Social session matches are the first to five games (instead of six), using the short deuce format. The five-game format is used as a fair solution for reducing waiting times.
Social tennis is for club members who are 16 years or over and is a doubles format only. If you want to play singles, please book a court at another time using the Club Spark booking system.
Prospective members can attend one social session to decide whether they want to join the club. Social tennis sessions are not for guests of members (unless they are visiting as prospective members).
Warm-ups and queuing for courts
If you arrive at the start of the social session, have a quick warm-up on court of no more than five minutes and start your set promptly (this is the same time as the professionals get at the ATP NextGen finals, so if it’s OK for them, it’s OK for us).
If you arrive after the start of the session, the courts are full and other people are waiting, you will be at the back of the queue to play, unless someone in front offers you their place. While you are waiting, why not use the hitting wall to warm up before it’s your turn to play?
We all love playing tennis and having good tennis etiquette when on court will ensure that we all continue to enjoy the game and that matches run smoothly, giving us all as much time on court as possible.
– If you need to walk across another court to get to your court, wait till there is a break in play and your presence has been acknowledged, then promptly walk along the back of the court to get to your court.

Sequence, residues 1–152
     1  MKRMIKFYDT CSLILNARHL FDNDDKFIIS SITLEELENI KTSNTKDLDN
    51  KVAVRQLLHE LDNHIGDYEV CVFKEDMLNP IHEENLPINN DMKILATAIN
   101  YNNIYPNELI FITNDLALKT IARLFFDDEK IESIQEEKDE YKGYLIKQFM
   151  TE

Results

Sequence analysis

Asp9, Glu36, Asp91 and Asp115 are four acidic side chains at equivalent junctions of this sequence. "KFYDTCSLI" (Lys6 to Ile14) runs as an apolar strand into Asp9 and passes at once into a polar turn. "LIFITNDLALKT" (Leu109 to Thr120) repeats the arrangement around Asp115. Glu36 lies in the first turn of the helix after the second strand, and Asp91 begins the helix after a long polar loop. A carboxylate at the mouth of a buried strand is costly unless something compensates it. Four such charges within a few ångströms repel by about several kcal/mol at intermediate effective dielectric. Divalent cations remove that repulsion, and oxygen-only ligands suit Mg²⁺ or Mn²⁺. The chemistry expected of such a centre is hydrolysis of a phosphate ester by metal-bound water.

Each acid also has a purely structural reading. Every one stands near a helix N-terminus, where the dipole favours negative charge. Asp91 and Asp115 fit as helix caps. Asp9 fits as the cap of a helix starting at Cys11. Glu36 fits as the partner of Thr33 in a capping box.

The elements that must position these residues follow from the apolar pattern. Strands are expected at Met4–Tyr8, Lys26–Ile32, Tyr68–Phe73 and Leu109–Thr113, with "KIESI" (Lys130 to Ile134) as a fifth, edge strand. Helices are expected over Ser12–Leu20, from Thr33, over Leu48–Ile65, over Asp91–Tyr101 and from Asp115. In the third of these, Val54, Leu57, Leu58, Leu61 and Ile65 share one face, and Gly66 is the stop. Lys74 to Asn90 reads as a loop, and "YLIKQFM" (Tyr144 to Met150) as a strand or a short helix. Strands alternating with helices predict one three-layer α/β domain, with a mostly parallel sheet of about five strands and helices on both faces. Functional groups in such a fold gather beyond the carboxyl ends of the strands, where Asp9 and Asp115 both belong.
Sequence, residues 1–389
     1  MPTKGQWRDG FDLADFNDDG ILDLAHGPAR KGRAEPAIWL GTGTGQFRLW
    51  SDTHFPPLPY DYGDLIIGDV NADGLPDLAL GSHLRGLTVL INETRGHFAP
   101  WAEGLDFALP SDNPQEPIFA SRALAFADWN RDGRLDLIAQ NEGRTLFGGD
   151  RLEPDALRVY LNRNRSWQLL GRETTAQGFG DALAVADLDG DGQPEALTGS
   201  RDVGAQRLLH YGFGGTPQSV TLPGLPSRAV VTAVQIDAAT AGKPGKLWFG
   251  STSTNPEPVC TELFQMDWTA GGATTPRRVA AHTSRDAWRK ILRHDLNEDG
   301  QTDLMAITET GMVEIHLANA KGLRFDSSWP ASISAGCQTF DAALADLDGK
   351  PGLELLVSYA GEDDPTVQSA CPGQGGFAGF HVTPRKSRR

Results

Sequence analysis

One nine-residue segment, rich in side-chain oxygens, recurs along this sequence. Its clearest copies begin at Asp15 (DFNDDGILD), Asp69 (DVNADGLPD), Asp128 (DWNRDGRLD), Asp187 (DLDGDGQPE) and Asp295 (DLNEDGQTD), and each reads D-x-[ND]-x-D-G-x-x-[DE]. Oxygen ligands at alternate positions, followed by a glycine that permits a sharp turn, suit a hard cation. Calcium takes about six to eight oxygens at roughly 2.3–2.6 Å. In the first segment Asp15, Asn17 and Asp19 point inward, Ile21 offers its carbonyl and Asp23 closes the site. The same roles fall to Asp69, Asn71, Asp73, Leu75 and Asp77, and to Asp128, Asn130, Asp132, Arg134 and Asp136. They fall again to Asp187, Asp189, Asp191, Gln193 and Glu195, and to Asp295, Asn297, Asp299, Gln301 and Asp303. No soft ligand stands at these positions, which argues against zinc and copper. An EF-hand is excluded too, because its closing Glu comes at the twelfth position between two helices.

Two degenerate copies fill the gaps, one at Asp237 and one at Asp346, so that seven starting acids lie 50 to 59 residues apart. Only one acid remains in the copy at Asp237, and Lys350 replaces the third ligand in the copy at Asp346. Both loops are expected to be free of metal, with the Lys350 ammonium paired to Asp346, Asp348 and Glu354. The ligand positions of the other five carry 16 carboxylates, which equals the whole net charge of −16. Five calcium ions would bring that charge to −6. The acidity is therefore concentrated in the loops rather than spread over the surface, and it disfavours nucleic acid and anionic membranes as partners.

– Keeping score – it is the server’s responsibility to keep score. If your opponent disagrees, then track back the points until you both agree.
– Ensure the balls are always at the server’s end of the court – if you are receiving it’s your job to ensure the balls are returned to the server. If a ball goes over to a neighbouring court don’t interrupt their point, wait for a break in play and then retrieve it.
– Don’t play lets if you are unsure of a line call; you call the ball on your side of the court. If you are not sure, call the ball IN.
– If a player touches the net while the game is in play, the player loses the point.
– Only play lets (except serve lets) when there is outside interference in your match, for example a ball from another court flies across and interrupts your point, or our neighbour’s friendly cats walk onto court.
– If there are people waiting to play, be considerate and make the change of sides a quick step. There is plenty of time to talk to people once you are off court.
– Lastly, we all need to let off steam sometimes. However, let’s keep screaming and shouting to a minimum and keep everyone involved in the set – don’t poach the shot from your partner if it’s clearly their shot. Remember these are friendly matches – be more Roger Federer than John McEnroe!
If we all follow these points it will help to create a positive experience for all members at social tennis sessions.